To those who believe that transwomen are women, the answer is simple: transwomen must serve custodial sentences in the female prison estate.
Objections can be dismissed as transphobic attempts to exclude one type of women just because they had the misfortune to be born with the wrong set of genitals.
However, while I might be a transwoman I am also a science teacher. In 2017, I rejected the transwomen are women argument when I could not defend it from the most basic challenge:
- Transwomen are male
- Women are female
- Male people are not female people
- Therefore transwomen are not women
We may long to be the other sex, but we might as well long to live for ever. Science cannot be fooled even if people can be. As a falsehood it is dangerous to both women – who lose the ability to control their boundaries from males who choose to identify as transwomen – and children who are sold a totally unrealistic vision of a future where they can choose their sex.
But in 2019 I argued that exceptions could be made for transwomen who had completed a medical and surgical transition:
My request to be housed in the female estate would be based on my sex characteristics. Flesh and blood is more important than feelings – or even legal paperwork – when housing prisoners.
In England and Wales that approach appears to predate the Gender Recognition Act 2004 (GRA), which made that paperwork available.
But I’ve changed my mind.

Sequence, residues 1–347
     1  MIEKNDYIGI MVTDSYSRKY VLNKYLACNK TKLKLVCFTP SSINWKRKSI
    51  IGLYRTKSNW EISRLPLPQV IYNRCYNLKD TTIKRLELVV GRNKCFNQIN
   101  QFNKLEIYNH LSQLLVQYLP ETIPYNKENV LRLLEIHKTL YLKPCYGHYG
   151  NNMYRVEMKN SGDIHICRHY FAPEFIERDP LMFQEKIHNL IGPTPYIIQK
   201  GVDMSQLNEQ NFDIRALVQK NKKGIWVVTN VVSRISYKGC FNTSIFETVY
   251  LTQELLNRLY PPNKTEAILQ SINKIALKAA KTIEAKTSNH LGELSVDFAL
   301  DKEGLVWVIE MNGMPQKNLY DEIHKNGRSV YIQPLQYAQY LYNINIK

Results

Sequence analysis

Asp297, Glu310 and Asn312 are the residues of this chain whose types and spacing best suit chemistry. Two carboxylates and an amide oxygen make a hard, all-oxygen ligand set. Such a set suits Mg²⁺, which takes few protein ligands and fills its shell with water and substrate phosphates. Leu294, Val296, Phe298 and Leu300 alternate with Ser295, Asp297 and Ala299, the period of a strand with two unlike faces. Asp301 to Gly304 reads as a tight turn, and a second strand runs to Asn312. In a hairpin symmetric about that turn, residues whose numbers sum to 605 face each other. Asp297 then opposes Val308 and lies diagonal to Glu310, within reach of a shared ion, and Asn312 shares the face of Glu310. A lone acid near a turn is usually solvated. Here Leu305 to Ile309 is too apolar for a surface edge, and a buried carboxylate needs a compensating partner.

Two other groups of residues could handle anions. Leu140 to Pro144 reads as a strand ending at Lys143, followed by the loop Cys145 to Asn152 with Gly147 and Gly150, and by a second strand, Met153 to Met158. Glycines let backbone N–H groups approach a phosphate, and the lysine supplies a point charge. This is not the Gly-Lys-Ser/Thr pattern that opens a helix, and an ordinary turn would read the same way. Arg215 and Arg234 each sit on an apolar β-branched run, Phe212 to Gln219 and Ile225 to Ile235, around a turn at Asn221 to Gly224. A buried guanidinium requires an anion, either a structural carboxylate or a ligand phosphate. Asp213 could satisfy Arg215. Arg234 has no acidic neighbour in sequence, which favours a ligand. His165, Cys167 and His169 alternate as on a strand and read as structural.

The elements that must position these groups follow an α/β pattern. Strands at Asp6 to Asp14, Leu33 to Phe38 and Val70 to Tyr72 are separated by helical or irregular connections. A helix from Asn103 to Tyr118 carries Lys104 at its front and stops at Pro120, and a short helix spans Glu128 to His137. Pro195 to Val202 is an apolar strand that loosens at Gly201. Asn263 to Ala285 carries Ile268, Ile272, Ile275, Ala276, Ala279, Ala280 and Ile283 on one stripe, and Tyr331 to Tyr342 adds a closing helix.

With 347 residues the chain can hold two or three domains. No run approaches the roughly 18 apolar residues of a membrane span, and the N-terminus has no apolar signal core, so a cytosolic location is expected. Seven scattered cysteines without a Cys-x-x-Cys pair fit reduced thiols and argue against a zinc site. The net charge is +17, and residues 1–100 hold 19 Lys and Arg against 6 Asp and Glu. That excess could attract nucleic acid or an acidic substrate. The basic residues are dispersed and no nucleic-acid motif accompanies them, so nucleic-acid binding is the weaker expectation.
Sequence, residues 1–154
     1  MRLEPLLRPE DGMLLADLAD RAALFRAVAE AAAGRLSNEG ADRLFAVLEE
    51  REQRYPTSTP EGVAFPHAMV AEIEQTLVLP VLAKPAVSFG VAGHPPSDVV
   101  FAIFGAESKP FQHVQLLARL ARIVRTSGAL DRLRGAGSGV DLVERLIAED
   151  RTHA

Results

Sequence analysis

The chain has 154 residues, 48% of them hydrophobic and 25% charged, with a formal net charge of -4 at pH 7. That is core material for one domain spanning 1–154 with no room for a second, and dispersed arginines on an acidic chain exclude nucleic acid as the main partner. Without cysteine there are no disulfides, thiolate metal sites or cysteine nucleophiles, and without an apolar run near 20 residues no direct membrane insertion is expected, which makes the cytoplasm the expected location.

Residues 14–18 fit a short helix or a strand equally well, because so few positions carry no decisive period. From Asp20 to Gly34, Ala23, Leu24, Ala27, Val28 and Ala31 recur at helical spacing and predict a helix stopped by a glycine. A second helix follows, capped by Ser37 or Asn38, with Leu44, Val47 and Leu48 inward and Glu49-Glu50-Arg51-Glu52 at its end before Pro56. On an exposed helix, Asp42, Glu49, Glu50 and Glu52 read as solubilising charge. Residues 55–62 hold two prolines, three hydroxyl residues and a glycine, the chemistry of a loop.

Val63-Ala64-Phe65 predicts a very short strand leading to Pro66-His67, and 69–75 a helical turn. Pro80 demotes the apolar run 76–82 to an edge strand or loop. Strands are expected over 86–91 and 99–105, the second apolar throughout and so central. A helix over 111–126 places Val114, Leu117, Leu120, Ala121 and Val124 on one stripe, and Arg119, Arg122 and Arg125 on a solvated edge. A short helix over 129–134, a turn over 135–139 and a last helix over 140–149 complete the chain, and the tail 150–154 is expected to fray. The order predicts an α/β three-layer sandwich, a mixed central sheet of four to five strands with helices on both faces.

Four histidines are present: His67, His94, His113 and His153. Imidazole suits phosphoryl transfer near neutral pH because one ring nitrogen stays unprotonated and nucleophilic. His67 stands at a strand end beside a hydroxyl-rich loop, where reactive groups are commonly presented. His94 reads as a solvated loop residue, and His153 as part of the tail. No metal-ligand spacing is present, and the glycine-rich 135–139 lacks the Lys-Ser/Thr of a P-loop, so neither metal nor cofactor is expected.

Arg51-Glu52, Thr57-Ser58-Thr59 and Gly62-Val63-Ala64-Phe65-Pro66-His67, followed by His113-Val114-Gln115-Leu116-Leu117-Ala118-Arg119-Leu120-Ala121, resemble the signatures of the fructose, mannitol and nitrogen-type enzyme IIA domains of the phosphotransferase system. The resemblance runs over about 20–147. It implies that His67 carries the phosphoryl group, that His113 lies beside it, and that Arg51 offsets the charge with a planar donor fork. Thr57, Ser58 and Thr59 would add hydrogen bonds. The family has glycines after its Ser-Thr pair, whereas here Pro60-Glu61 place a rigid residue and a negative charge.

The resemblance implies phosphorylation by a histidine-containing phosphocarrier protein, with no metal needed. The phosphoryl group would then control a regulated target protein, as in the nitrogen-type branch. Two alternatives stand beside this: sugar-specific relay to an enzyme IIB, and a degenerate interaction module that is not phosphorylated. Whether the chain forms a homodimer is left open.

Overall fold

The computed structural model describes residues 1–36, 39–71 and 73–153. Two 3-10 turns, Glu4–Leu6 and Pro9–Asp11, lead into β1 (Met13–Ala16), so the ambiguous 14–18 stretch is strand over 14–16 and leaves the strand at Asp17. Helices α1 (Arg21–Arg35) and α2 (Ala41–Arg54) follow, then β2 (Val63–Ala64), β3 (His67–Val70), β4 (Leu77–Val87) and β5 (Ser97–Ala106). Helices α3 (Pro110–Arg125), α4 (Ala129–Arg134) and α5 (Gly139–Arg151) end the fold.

When transwoman Stephanie Booth was sent to Askham Grange (a women’s prison) in 1989 there were far fewer transwomen in society, and it could be assumed they had been chemically and surgically castrated.
Today’s world is very different. Firstly, there are more of us coming out and we are far more visible in society. Secondly, the definitions have changed. The transsexuals and transvestites of 1989 have been subsumed under today’s transgender umbrella. Winding the clock back 30 years, would society really have countenanced male transvestites in the female estate? And thirdly, the law can no longer demarcate the former categories even if we wanted it to. In 2017, the European Court of Human Rights (ECHR) reaffirmed that Article 8 of the European Convention of Human Rights guaranteed the physical integrity of transgender people. As such, gender recognition processes that would lead to sterilisation were seen to be a violation of human rights. In the eyes of the ECHR, a woman can have a penis.
But in the UK the GRA had already created legal fictions that meant legal women could father children (and legal men could carry them). Those who question such bizarre events are denounced as transphobes and bigots, while new terminology – such as menstruators and cervix-havers – has sprung up to avoid offending prickly trans people.